COVID-19 has forced some of the largest changes inside the federal public service in at least 30 years, accelerating reforms that might have otherwise been slowed in bureaucracy, a leading public servant has said.
A senior official helping oversee the public service's response to the health crisis, Katherine Jones, said the coronavirus had led to "really significant shifts" in operations for the bureaucracy as it dealt with the health crisis.
"If we're in normal circumstances, a lot of these changes to our operating model, these changes to the way that we're working within our organisations, we would have put them through a lot of process," she said.
"We would have thought about them a lot. We would have had to do a lot of bureaucracy to achieve a small amount of change."
Ms Jones told the new Work With Purpose podcast from the Institute of Public Administration earlier this month that the public service's senior leaders were coordinating their pandemic response and avoiding a siloed approach in ways recommended by the Thodey review of the bureaucracy released last year.
Australian Public Service commissioner Peter Woolcott said despite happening in "grim times", the changes would be beneficial after the pandemic passed.
"One of the main themes that came out of the Thodey review was a need for a much more joined up public service. The idea of 'One APS' and also to focus on the needs of Australians and the service we provide to them," he said.
"And what this crisis is doing is actually driving those reforms in a very real and practical way.
"I actually think the reform process, even though it's not being openly discussed and we're not going into lengthy papers and working out how we need to do this, it's actually happening in practice."
The public service has mobilised its workforce in response to the crisis, redeploying 1100 Canberra-based staff to Services Australia as welfare claims grow following COVID-19 restrictions.
Thousands of bureaucrats across the APS have also started working from home as public sector workplaces try to stop the virus spreading.
Mr Woolcott told the podcast the public service was not "working from a playbook", but instead "feeling our way of it" in response to the unprecedented fallout of the coronavirus.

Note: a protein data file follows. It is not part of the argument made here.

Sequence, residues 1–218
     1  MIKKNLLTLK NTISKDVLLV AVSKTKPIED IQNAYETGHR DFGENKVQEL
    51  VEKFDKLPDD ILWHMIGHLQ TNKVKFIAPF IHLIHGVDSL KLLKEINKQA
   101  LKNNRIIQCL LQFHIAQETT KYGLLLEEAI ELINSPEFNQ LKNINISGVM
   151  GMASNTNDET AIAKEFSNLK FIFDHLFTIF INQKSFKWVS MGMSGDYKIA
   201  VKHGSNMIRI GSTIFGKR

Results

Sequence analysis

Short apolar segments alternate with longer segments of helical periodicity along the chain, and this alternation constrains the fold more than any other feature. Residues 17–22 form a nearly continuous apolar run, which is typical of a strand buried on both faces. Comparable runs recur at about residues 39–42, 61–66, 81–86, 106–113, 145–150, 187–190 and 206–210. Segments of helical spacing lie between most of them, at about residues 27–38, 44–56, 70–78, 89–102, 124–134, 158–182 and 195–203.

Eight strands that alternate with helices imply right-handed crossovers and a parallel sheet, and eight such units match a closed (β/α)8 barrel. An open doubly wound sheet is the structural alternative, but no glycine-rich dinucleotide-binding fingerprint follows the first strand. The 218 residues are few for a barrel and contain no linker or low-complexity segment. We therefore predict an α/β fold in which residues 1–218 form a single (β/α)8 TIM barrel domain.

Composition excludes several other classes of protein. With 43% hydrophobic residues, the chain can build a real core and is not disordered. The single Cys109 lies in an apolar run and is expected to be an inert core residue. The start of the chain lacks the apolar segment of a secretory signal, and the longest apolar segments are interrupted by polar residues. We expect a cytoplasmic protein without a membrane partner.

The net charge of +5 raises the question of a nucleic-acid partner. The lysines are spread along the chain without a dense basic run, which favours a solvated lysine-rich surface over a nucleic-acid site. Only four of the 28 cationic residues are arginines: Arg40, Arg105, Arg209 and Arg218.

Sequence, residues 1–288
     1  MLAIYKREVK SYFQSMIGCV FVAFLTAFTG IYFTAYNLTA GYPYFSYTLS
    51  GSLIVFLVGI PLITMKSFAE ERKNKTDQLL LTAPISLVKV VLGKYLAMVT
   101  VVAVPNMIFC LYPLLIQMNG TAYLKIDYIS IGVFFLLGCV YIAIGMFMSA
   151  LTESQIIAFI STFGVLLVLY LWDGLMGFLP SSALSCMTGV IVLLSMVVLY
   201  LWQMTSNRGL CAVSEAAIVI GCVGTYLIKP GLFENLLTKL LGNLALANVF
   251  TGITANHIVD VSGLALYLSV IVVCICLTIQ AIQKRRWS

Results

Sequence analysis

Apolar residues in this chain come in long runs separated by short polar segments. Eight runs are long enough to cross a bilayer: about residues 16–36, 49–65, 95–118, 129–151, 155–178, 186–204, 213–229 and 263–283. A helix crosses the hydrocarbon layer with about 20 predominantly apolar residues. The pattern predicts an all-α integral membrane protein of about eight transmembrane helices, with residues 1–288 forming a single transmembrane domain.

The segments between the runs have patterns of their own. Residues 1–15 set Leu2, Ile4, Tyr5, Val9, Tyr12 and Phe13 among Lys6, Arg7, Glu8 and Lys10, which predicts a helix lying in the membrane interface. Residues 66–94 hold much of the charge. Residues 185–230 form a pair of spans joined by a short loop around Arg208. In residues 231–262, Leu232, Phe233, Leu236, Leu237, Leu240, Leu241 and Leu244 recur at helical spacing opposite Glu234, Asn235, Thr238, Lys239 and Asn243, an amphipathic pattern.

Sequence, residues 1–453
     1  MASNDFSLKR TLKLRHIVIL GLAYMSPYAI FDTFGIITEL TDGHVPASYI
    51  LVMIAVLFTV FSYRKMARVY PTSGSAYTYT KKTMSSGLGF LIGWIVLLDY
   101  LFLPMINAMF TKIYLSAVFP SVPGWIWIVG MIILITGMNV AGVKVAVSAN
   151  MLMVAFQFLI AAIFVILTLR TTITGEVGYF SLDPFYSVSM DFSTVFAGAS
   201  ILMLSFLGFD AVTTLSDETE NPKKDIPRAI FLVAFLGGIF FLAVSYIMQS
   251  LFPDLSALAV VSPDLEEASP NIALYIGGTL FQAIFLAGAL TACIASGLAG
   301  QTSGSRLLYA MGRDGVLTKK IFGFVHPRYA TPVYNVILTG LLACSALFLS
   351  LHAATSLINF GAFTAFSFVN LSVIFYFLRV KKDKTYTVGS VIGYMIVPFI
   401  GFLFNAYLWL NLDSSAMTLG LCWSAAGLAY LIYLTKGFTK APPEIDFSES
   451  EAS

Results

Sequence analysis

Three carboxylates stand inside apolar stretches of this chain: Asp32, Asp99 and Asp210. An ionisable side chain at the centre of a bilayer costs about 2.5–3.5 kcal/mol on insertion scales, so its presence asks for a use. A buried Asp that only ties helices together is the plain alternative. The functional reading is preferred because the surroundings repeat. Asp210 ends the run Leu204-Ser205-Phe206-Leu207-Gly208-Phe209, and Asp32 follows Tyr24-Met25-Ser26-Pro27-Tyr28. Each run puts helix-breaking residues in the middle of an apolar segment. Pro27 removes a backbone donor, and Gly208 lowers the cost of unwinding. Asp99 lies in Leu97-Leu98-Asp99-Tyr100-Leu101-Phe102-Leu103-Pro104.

"We've had some big crises like the Global Financial Crisis, but this is on a scale that none of us who work in the public service now have ever dealt with in terms of its implications in regard to people's health, people's welfare, the economic implications, the national security implications," he said.
"And people are working extraordinarily hard at every level of the public service.
"We're feeling our way of it I've got to say, because it's something that none of us have ever had to do on this scale.
"And I think the other thing that people are realising as well is this is not going to be over any time soon."
Mr Woolcott said he hoped the Australian public's trust in the public service would grow during the pandemic, after years of declining confidence in institutions.
"One of the things we've been wrestling with in terms of the Thodey work about reform and the APS is the issue of trusted institutions and government," he said.
"And what I hope is that the Australian people at the end of this, have a much better understanding of all the things that government does to keep Australians safe and prosperous.
"And a crisis like this which affects every single Australian, including those in the APS, that when we come out of this, there'll be a real sense of confidence in the public service and the ability of the public service to rise and deliver on their behalf."
Ms Jones, a Finance Department deputy secretary and chair of the Chief Operating Officers committee helping lead the bureaucracy's pandemic response, said the committee realised it "couldn't be a little bubble" but had to communicate its decisions throughout the public service.
"It's our responsibility to ensure that any decisions or information or policies that are established in the committee are disseminated to all agencies across government," she said.
"But we also develop communication material that can be used within each department so that everyone across the public service can get the same level of information about the issues that we're dealing with."
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